Massive Fiscal Relief for Local Governments Is Vital to Keep the Economy Alive

The courthouse in Charleston County, South Carolina. Charleston county, like most counties across the country, is facing a significant budget shortfall as a result of the coronavirus pandemic.

The courthouse in Charleston County, South Carolina. Charleston county, like most counties across the country, is facing a significant budget shortfall as a result of the coronavirus pandemic. Jon Bilous/SHUTTERSTOCK


Connecting state and local government leaders

COMMENTARY | With negotiations over the next coronavirus relief bill stalled in Congress, and state and local aid in question, the future of the nation’s economy is uncertain.

The U.S. economy is built upon the stability of the nation’s counties, towns and cities. Local governments provide an employment backbone for millions of Americans, the infrastructure that keeps local economies thriving and the services that support community connections.

Since the beginning of the Covid-19 pandemic, local governments, particularly America’s counties, have been called into action to lead the public health response. Counties are operating emergency rooms, organizing first responders and utilizing public assets to help mitigate the spread of the virus. Counties are partnering with nonprofits to provide food and hot meals to the elderly, children and the unemployed, while also providing support to small businesses and enhancing broadband access for remote students and workers.

But while local county leaders are protecting the public’s health, our budgets are facing a stress test that could engulf the prosperity of the American economy. County budgets have been hit hard, as leaders deal with increased expenditures related to the virus and decreased revenues as a result of local business closures and slowed consumer spending. For example, Charleston County, South Carolina is estimating that the county of nearly 400,000 residents has already lost $30 million in revenues in this budget cycle and will lose another $40 million in the next because of sales tax shortfalls. The county also expects to continue to spend unbudgeted dollars. Meanwhile, Cameron County, Texas, has lost $9.4 million of revenue in the current budget cycle and is therefore cutting spending across all departments. Knox County, Tennessee. is estimating millions in budget shortfalls and has furloughed workers. And Laramie County, Wyoming has lost significant sales tax revenue, with officials expecting to lose at least five times more in the next budget cycle. The government is in the process of cutting all department budgets by 20%. These are just a few examples.

Recent analysis from the National Association of Counties (NACo) estimates a $202 billion budget impact to county governments through the 2021 federal government fiscal year. The revenue losses alone will reduce local government services and investments, slashing the GDP by an estimated $344 billion.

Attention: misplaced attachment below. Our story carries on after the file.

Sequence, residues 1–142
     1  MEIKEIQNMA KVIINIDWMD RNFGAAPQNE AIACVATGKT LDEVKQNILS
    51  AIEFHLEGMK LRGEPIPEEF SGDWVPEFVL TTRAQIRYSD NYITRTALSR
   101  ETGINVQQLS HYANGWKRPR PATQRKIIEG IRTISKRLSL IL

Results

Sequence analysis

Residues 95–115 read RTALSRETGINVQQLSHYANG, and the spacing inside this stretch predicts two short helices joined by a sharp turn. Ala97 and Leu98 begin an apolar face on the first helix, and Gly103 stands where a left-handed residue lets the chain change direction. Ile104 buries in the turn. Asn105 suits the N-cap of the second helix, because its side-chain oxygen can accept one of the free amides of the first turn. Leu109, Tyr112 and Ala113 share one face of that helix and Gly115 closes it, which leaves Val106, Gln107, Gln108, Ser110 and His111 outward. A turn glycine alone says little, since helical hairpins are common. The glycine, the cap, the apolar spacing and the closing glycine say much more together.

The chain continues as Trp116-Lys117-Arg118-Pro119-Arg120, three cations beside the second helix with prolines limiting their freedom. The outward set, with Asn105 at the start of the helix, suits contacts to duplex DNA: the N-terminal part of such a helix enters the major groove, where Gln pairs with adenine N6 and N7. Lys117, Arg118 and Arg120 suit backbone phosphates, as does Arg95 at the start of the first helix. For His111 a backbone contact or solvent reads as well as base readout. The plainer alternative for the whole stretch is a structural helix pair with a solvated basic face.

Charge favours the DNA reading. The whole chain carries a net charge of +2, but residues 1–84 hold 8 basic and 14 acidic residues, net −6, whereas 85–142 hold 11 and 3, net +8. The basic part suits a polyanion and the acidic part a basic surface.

Overall, local government investments, which include counties, made up 15% of the nation’s economic output in the first quarter of this year. With an economic footprint of that size, spending cuts in local governments result in broader suffering in the nation’s economy.

In a recent NACo survey of county governments, 71% of counties reported cuts or delays in capital investments, including infrastructure and economic development projects. Without federal assistance, these cuts in local services will only worsen and have layered, far-reaching impacts. This is especially true as counties provide many services that are critical to our nation’s recovery, including infrastructure maintenance, public health and hospital services, emergency operations centers, child protective services, police and fire protection, nursing homes, small business assistance and more.

Local government service cuts ultimately pull back dollars that would have been infused in the nation’s economy. When families hurt financially, their contribution to the economy erodes. This decline in consumer spending has been the driving force in the pandemic’s economic damage. The Bureau of Economic Analysis released a review of GDP in the second quarter of 2020 that revealed the largest quarter-to-quarter decrease in GDP on record. The report notes that the state and local government spending decline contributed to the sharp economic drop.

Additionally, local governments have had to furlough or lay off nearly a million employees since February, according to the Bureau of Labor Statistics. More than half of a million of these job losses are unrelated to the education sector, meaning the jobs won’t return as schools reopen. And many temporary job losses are turning permanent. In the most recent jobs analysis, local government jobs show little improvement. While the labor market outlook overall is bleak, local government job loss is a thorn in the national economy’s side that cannot be ignored.

We’ve already experienced significant economic damage to our communities, and the nation must stop the bleeding before it gets worse. Counties need flexible and responsible fiscal support, with reasonable guardrails to ensure that dollars are allocated strictly to COVID-related costs and lost revenue. With the nation’s economic health in a state of uncertainty, flexible state and local government funding could boost county fiscal viability. The time for Congress and the Trump administration to act and provide direct and flexible funding to counties of all sizes. The federal government—and all Americans—need fiscally sound local governments to keep the U.S. economy vibrant.

Teryn Zmuda is the chief economist at the National Association of Counties, the national organization representing America’s 3,069 county governments including 40,000 county elected officials and 3.6 million county employees.

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